New Years day 2016. For most of us, a day of relaxing with the family, an opportunity to watch a film or play a board game with the kids. Or maybe take a nice slow walk in the country. Amongst the festivities of Christmas and New Year its a families opportunity to recover from the excesses of the previous few weeks. Being a member of a Lowland Rescue Search and Rescue team, I know that this is not the case for everyone. It is a time where those less fortunate decide that the world would be a better place without them. For these people the idea of starting a new year is not an option. The following is personal account by one of our operational dog handlers on a callout that Search Dogs Sussex responded to on New Years day 2016.
January 1st 2016. New Years Day. What a miserable day. Cold, wet and windy. After seeing in the New Year with my partner and three kids we arose slightly later than usual with the obligatory repeated 'Happy New Year!' and 'Pinch-punch first of the month' (my kids are still fairly young). A quick breakfast and we were planning our day - quick coffee, pop round to see the grand-parents, that sort of thing.
1042am. My Lowland Rescue callout phone loudly chirped. That changed everything. An apologetic look to the wife and the returned wordless look that said “there goes our nice family day - but don't worry, go help find someone”. No words were spoken, nor needed to be. As a member of Sussex Search Dogs and a Level 2 operational search dog handler, this is a common occurrence - on average 30 times a year in support of the Police to help look for vulnerable missing people. But on the special days, like Christmas Day (it's happened before) and in this case, New Years Day, it's all the more significant. The wife understands, the kids less so. So after a quick apologetic discussion with them to tell them I need to go, and no, I don't know when I will be back, I gather my search kit, load the car, grab a quick thermos of coffee and head out the door with my right-hand and most important search dog Millie. It's a 50 minute drive to the search location.
Upon arriving at the search location I notice foot search teams and other dog search teams from neighbouring counties - about 60 searchers - all of these people have done the same as I have and left their families to come out to help look for the missing person. The missing person in this case is a despondent male who is suspected to want to end his life. It is known roughly where his car is but thats all we have. The Police are coordinating the search together with the Lowland Rescue search managers. As a Lowland Rescue Team Leader I receive a short briefing from the search manager and I am tasked with searching a path leading away from the missing persons car up to a local beauty spot. I gather my team and brief them on the tasking and any other things like who is responsible for communications and first-aid in the event we find the missing person. We travel to the starting point of our search and encounter a Police general purpose dog team who had just completed a quick search of the local surrounding area but found nothing - they were happy to hand responsibility for the continuing search to a specialist search dog team. We train almost 8 hours every week to do this. For every 1 hour that we search on a live search we train about 12 hours. This is what we do.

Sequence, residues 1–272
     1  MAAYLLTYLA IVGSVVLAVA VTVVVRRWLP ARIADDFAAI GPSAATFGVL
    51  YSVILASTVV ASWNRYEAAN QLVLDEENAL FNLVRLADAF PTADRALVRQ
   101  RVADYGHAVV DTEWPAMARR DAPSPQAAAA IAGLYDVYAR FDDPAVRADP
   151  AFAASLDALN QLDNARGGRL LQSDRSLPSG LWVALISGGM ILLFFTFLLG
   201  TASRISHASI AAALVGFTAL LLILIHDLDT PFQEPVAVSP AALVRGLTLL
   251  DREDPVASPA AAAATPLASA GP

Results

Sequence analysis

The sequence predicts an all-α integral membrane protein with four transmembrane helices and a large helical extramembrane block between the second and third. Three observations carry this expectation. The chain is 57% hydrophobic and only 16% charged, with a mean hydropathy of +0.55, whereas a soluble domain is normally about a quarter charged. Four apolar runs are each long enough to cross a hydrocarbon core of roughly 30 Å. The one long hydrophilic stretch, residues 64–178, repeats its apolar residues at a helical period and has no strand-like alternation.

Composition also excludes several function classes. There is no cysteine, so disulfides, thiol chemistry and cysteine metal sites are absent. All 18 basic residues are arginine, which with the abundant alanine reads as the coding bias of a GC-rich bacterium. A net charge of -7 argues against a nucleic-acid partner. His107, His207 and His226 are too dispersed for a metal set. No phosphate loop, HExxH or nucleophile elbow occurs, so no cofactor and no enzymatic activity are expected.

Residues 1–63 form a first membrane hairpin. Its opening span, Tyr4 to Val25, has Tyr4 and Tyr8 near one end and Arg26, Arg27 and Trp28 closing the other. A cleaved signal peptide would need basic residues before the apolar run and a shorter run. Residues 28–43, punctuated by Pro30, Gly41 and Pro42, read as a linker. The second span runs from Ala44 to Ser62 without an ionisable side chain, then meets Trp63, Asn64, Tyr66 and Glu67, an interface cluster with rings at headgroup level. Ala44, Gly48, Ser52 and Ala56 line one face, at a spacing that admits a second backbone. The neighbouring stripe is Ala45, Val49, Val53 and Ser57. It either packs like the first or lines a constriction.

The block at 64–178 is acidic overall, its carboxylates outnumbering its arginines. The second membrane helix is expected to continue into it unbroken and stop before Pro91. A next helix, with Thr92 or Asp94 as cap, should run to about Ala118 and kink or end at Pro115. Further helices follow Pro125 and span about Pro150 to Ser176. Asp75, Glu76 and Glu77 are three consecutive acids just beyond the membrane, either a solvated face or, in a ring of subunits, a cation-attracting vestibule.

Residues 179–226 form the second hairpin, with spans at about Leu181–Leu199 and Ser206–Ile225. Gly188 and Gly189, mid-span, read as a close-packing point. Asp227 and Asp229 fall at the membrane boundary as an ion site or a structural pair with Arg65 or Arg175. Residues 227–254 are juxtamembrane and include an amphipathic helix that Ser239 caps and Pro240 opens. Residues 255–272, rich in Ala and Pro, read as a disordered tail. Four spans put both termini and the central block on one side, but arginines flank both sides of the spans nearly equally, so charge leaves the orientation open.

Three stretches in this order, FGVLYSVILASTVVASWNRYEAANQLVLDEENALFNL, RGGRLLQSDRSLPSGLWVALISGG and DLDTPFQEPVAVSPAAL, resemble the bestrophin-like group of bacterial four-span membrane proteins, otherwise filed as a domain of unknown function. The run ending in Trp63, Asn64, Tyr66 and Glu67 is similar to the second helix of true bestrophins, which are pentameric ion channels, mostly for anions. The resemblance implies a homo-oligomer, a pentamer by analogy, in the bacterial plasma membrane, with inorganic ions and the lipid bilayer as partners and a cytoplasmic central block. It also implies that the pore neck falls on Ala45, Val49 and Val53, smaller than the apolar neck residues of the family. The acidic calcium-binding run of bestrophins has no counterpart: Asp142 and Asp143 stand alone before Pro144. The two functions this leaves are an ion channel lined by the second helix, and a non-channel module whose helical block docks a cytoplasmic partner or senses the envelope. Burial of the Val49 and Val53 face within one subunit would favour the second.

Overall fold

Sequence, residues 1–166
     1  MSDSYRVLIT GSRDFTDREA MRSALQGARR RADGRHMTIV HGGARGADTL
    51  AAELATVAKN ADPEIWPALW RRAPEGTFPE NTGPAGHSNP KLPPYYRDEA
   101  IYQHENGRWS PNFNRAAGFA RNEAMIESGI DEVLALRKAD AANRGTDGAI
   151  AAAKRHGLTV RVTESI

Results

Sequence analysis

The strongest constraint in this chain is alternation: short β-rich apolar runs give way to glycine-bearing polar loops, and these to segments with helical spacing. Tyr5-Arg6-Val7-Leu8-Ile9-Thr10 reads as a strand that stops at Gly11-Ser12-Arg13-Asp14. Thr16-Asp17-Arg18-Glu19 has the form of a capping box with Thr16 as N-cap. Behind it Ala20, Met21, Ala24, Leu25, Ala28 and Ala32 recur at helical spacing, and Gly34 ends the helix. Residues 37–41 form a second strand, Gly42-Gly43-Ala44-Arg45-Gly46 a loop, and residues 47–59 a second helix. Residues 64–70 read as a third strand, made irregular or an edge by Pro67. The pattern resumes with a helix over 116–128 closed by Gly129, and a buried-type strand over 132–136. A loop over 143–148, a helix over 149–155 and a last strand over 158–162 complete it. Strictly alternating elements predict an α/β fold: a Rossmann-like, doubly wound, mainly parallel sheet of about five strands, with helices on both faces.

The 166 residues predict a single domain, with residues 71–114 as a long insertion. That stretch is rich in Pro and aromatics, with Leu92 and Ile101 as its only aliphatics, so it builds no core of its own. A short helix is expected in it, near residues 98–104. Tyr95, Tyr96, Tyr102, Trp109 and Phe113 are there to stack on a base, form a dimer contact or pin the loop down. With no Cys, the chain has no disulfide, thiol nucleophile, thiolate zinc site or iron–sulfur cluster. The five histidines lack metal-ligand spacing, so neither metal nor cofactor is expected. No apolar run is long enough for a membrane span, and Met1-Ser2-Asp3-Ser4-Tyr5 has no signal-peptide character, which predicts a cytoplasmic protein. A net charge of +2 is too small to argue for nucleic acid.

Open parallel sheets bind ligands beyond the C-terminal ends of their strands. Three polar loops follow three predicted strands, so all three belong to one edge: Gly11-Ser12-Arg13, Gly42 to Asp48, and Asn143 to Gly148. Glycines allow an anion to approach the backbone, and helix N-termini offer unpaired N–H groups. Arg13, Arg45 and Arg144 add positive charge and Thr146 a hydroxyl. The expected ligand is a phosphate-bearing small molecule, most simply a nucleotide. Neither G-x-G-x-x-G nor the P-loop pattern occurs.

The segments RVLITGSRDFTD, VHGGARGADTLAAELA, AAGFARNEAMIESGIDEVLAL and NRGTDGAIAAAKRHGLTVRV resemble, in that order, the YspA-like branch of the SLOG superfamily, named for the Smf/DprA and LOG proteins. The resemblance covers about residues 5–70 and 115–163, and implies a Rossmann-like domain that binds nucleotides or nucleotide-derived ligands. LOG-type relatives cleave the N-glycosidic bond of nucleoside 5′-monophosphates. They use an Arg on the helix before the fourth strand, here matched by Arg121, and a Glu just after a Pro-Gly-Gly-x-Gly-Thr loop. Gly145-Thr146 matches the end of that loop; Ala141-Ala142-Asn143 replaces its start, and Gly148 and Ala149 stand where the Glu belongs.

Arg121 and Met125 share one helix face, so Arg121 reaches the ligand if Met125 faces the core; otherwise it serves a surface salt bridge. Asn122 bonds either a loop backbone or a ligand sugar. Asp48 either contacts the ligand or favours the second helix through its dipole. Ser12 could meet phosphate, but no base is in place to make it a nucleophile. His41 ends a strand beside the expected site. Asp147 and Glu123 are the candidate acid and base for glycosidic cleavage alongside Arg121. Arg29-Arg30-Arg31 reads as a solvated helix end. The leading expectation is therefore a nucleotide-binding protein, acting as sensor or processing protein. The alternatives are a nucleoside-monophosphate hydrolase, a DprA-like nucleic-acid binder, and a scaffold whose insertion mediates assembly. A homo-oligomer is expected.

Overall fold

My job as a dog handler is to take the environment, scenario and other ad-hoc factors into account and use the dogs amazing sense of smell to detect any human in the area of my search. We searched approximately 7km of pathways that day. After approximately 6 hours of combined searching and as light was fading, we and all of the other foot and dog search teams out elsewhere were stood-down for the day.
I drove home with mixed emotions. Disappointed that the missing person had not been found. That meant he was still out there. I wondered if the search would continue tomorrow. I eventually returned home after dark and managed a little family time before the kids went off to bed.
January 2nd 2016. What a miserable day. Cold, wet and windy. 1000am. My Lowland Rescue callout phone loudly chirped.....continuing search.
That look again. That explanation again. Load the car again.
This is what we do. And proud of it.
Lowland Rescue is a voluntary organisation of approximately 2000 dedicated volunteers who assist the emergency services to look for vulnerable missing people. To help the teams continue to offer this life-saving service, you can donate using the methods below.
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